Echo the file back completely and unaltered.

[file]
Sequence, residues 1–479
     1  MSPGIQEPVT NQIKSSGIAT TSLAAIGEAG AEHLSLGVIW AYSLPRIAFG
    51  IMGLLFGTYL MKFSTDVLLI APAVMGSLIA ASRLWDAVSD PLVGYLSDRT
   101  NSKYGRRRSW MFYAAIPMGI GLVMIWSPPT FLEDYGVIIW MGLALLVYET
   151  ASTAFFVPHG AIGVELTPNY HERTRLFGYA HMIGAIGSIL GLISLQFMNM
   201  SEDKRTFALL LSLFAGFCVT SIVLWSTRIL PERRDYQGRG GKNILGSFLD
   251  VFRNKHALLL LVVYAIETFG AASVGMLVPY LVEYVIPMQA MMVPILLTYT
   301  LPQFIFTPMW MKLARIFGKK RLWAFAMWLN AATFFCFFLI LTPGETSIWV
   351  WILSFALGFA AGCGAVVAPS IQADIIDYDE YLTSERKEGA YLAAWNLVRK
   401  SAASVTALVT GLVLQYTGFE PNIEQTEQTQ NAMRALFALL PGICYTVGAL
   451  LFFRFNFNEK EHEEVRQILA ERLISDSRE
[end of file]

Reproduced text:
Sequence, residues 1–479
     1  MSPGIQEPVT NQIKSSGIAT TSLAAIGEAG AEHLSLGVIW AYSLPRIAFG
    51  IMGLLFGTYL MKFSTDVLLI APAVMGSLIA ASRLWDAVSD PLVGYLSDRT
   101  NSKYGRRRSW MFYAAIPMGI GLVMIWSPPT FLEDYGVIIW MGLALLVYET
   151  ASTAFFVPHG AIGVELTPNY HERTRLFGYA HMIGAIGSIL GLISLQFMNM
   201  SEDKRTFALL LSLFAGFCVT SIVLWSTRIL PERRDYQGRG GKNILGSFLD
   251  VFRNKHALLL LVVYAIETFG AASVGMLVPY LVEYVIPMQA MMVPILLTYT
   301  LPQFIFTPMW MKLARIFGKK RLWAFAMWLN AATFFCFFLI LTPGETSIWV
   351  WILSFALGFA AGCGAVVAPS IQADIIDYDE YLTSERKEGA YLAAWNLVRK
   401  SAASVTALVT GLVLQYTGFE PNIEQTEQTQ NAMRALFALL PGICYTVGAL
   451  LFFRFNFNEK EHEEVRQILA ERLISDSRE